News that Ayman al-Zawahiri, the leader of al-Qa’ida, was killed in Kabul, Afghanistan, in a CIA drone operation over the weekend drew celebration from Democrats and Republicans in the United States as well as from foreign governments.
US President Joe Biden announced the death of one of the world’s most-wanted terrorists in a televised address Monday from a White House balcony, reminiscent of the speech given by president Barack Obama in 2011 when US forces killed Osama bin Laden in a raid of the al-Qa’ida founder’s compound in
The killing of Zawahiri is widely seen as a political win for the Biden administration almost a year after a heavily criticised US withdrawal from the country, which left it under Taliban control and sparked fears that al-Qa’ida could reassert itself there.
The world is a better, safer place
Mr Obama called the news “proof that it’s possible to root out terrorism without being at war in Afghanistan”, adding that he hoped Zawahiri’s death would provide “a small measure of peace to the 9/11 families and everyone else who has suffered at the hands of al-Qa’ida”.
The Taliban government “strongly condemned the attack”, spokesman Zabihullah Mujahid said, calling the strike a violation of international norms and the agreement signed in Doha, Qatar, by the US and the Taliban in 2020.
But a senior Biden administration official said the terrorist leader’s presence in Kabul constitutes a violation of the Doha deal and that senior members of the Haqqani Taliban faction were aware that Zawahiri was living in the Afghan capital and took steps after the strike to conceal his presence.
Messages of support poured in from US lawmakers shortly after Mr Biden’s address. Senate Majority Leader Chuck Schumer called the mission “a major accomplishment” for Mr Biden that brought justice to one of the people “who helped orchestrate the cold-blooded murder of thousands of my fellow New Yorkers on 9/11”.
Senator Minority Leader Mitch McConnell, in a statement posted on Twitter on Monday evening, similarly credited Mr Biden for approving the drone operation, saying “the world is a better, safer place” without Zawahiri. But Mr McConnell urged the administration to come up with a comprehensive security plan in Afghanistan in light of the fact that Zawahiri appeared to have been living in central Kabul.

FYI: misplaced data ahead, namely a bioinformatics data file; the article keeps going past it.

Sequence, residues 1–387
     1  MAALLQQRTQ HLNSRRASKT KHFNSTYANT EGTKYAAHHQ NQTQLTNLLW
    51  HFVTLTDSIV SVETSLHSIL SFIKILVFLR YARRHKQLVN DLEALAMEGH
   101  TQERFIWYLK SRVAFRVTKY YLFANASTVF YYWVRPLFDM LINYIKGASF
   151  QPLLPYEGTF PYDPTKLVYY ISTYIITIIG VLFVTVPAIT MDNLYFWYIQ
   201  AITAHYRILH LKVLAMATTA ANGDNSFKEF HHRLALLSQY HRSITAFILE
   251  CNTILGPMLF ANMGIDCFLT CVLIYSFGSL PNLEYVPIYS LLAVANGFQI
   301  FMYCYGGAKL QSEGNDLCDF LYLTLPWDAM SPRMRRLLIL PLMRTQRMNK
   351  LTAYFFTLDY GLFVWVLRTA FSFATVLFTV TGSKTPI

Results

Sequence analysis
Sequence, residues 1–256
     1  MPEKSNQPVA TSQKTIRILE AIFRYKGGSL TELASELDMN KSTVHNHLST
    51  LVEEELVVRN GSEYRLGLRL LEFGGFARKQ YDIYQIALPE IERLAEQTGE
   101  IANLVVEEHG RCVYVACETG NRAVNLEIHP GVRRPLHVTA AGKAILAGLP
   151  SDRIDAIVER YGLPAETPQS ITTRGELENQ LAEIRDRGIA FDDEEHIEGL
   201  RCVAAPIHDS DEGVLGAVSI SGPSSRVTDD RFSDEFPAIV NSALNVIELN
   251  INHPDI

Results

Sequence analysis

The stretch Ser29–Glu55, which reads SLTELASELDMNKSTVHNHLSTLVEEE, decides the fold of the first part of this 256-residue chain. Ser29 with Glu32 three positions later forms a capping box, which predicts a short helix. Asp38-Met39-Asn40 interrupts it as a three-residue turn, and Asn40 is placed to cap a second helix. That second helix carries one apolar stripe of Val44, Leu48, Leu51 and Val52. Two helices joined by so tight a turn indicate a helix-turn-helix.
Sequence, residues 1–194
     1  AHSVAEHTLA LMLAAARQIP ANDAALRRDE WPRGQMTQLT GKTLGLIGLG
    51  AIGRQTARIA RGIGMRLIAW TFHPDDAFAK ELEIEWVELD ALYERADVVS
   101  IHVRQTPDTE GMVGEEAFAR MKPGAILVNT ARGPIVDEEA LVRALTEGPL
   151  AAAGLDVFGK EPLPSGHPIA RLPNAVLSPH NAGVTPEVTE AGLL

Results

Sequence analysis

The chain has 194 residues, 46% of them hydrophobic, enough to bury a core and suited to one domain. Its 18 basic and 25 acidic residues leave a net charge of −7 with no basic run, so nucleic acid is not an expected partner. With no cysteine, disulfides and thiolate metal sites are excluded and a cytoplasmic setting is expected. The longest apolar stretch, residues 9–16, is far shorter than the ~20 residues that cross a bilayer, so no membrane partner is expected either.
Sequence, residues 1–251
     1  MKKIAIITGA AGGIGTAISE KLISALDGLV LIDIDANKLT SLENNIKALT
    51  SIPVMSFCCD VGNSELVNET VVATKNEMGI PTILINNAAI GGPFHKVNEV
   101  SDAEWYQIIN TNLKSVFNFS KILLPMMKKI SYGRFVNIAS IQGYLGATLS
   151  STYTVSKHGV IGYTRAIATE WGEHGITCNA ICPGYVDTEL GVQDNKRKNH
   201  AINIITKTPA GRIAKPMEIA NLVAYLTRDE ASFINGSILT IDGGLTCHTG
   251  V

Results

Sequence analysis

Ilhan Omar, one of the first two Muslim women elected to Congress, wrote on social media that Zawahiri was “a monster responsible for the deaths of thousands around the world”. Two Senate Republicans – Joni Ernst of Iowa and Marco Rubio of Florida – also issued statements late on Monday commending the US military and intelligence community for taking down the terrorist leader.
But Marjorie Taylor Greene, who promoted a conspiracy theory suggesting 9/11 was a hoax, slammed Mr Biden for trying to “act tough on TV”. Ms Greene tweeted that while Zawahiri plotted 9/11 and the bombing of navy destroyer the USS Cole in 2000, “no one in America has been sweating an attack from al Qa’ida lately”.
Proof that it’s possible to root out terrorism without being at war in Afghanistan
The group 9/11 Families United issued a statement expressing gratitude to US intelligence agencies and the military for the “sacrifices that have been made in removing such evil from our lives”.
But the news is also a reminder, said group chair Terry Strada, that for full accountability, “President Biden must also hold the Saudi paymasters accountable for killing our loved ones,” referring to allegations that agents of the Saudi Arabian government provided support for the 9/11 plot.
Saudi authorities have repeatedly denied such a link. The 9/11 Commission noted in 2004 that it found no evidence “the Saudi government as an institution or senior officials within the Saudi government funded al-Qa’ida”.
Following Mr Biden’s address, Saudi Arabia swiftly released a statement welcoming the death of Zawahiri, who it said “led the planning and execution of heinous terrorist operations” that killed innocent people, including Saudi citizens”. The kingdom became the target of al-Qa’ida bombings after 9/11, most notably a 2003 attack in its capital, Riyadh, that killed 11 people.
© Washington Post